The Unmarked Graves of the First World War Program will help to provide funds to help ex-service organisations, community groups and individuals to properly acknowledge the service of these veterans.
“Australians owe all First World War veterans an enormous debt of gratitude and acknowledging their final resting place with a marker recognising their service is a demonstration of that respect,” Minister Chester said.
“While the number of unmarked graves of First World War veterans is unknown, there are many individuals and special interest groups who are passionately committed to ensuring they are identified and commemorated.”
About 271,800 service men and women returned to the country after the end of the war, with over 135,000 of those wounded from the hostilities.
“Sadly, some of those who returned from the Great War ended up estranged from their families and may have struggled with day-to-day living,” Minister Chester said.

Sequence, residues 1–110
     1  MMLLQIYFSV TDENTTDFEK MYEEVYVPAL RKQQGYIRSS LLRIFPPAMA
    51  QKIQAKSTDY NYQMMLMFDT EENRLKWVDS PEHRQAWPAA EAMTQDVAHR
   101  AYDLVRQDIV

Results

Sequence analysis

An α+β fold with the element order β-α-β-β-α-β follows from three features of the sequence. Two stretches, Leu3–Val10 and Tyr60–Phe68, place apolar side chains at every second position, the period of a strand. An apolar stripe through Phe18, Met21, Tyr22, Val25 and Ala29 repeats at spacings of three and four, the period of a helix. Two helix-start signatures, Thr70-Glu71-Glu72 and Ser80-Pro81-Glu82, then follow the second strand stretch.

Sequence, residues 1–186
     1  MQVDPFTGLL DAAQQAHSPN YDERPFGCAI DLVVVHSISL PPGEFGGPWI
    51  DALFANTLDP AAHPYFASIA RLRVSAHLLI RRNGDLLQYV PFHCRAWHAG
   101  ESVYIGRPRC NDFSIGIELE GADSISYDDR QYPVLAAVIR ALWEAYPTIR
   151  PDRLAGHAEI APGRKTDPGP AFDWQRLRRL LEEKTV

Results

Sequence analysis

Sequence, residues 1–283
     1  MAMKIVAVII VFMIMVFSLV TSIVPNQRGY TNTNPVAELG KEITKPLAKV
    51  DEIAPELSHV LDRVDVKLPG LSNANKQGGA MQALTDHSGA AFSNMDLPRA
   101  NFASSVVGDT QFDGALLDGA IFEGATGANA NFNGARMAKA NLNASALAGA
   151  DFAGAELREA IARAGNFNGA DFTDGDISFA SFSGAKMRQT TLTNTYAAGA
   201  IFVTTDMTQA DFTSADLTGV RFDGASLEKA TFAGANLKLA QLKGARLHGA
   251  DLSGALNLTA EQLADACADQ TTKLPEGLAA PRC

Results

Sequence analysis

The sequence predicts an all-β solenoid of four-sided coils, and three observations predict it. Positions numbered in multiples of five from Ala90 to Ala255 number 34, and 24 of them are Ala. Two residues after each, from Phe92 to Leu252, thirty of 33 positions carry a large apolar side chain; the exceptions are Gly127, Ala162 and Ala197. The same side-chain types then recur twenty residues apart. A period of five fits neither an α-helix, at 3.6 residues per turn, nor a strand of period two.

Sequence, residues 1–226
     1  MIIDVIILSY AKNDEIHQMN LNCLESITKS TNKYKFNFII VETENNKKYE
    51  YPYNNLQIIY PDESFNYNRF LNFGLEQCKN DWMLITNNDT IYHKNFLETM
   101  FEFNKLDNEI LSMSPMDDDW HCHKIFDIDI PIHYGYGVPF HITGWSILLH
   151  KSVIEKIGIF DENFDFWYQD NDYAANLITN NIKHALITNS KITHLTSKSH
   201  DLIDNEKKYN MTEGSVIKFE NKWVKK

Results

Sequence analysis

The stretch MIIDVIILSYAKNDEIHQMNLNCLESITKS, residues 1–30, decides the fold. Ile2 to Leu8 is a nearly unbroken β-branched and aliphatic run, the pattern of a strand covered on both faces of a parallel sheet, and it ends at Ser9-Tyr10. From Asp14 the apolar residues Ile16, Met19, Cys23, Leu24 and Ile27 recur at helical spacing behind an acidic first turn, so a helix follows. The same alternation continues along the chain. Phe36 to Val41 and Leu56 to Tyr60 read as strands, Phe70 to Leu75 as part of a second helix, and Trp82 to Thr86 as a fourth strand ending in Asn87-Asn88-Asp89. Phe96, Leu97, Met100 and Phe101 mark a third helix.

“We know that many were buried in unmarked graves across the nation.”
The Office of Australian War Graves (OAWG) will administer the program, as the responsible office for official commemoration of eligible veterans who died during or as a result of war.
“This program is an important step in ensuring every veteran who died after the First World War Armistice is remembered for their service and I would like to encourage communities right across Australia who are aware of unmarked graves to consider making an application,” Minister Chester said.
Further information can be accessed on the Department of Veterans’ Affairs website.